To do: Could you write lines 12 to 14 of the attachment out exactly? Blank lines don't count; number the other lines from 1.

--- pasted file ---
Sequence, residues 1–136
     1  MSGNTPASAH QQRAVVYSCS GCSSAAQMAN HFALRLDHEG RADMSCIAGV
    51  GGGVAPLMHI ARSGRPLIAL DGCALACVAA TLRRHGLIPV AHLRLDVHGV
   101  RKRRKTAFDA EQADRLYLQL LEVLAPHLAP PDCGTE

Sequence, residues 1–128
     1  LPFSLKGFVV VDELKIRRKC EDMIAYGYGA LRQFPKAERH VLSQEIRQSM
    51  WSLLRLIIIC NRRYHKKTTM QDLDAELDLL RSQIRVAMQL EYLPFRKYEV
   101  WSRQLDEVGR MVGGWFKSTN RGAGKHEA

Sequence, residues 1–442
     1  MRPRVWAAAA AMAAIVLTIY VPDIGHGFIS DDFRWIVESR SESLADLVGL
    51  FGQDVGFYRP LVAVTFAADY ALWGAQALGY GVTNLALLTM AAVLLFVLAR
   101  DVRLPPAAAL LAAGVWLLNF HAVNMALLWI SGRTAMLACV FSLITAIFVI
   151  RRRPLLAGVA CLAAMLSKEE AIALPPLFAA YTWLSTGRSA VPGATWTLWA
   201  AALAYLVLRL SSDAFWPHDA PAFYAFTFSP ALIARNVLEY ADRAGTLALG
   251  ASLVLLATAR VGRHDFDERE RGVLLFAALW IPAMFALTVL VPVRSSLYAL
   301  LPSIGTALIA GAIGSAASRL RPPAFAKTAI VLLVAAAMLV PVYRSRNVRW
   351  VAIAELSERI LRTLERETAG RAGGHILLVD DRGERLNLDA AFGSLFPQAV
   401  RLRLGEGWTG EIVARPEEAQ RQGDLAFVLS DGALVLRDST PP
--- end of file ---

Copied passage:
   101  DVRLPPAAAL LAAGVWLLNF HAVNMALLWI SGRTAMLACV FSLITAIFVI
   151  RRRPLLAGVA CLAAMLSKEE AIALPPLFAA YTWLSTGRSA VPGATWTLWA
   201  AALAYLVLRL SSDAFWPHDA PAFYAFTFSP ALIARNVLEY ADRAGTLALG